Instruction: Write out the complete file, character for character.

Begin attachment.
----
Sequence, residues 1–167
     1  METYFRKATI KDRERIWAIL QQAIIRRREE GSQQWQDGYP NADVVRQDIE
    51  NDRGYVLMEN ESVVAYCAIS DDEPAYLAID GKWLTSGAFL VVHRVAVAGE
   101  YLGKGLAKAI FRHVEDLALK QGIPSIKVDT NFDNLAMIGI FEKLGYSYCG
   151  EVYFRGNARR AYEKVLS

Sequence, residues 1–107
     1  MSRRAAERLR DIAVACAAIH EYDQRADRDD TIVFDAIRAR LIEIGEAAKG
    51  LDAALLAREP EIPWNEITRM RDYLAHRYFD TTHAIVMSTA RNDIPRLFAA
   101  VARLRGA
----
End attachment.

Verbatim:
Sequence, residues 1–167
     1  METYFRKATI KDRERIWAIL QQAIIRRREE GSQQWQDGYP NADVVRQDIE
    51  NDRGYVLMEN ESVVAYCAIS DDEPAYLAID GKWLTSGAFL VVHRVAVAGE
   101  YLGKGLAKAI FRHVEDLALK QGIPSIKVDT NFDNLAMIGI FEKLGYSYCG
   151  EVYFRGNARR AYEKVLS

Sequence, residues 1–107
     1  MSRRAAERLR DIAVACAAIH EYDQRADRDD TIVFDAIRAR LIEIGEAAKG
    51  LDAALLAREP EIPWNEITRM RDYLAHRYFD TTHAIVMSTA RNDIPRLFAA
   101  VARLRGA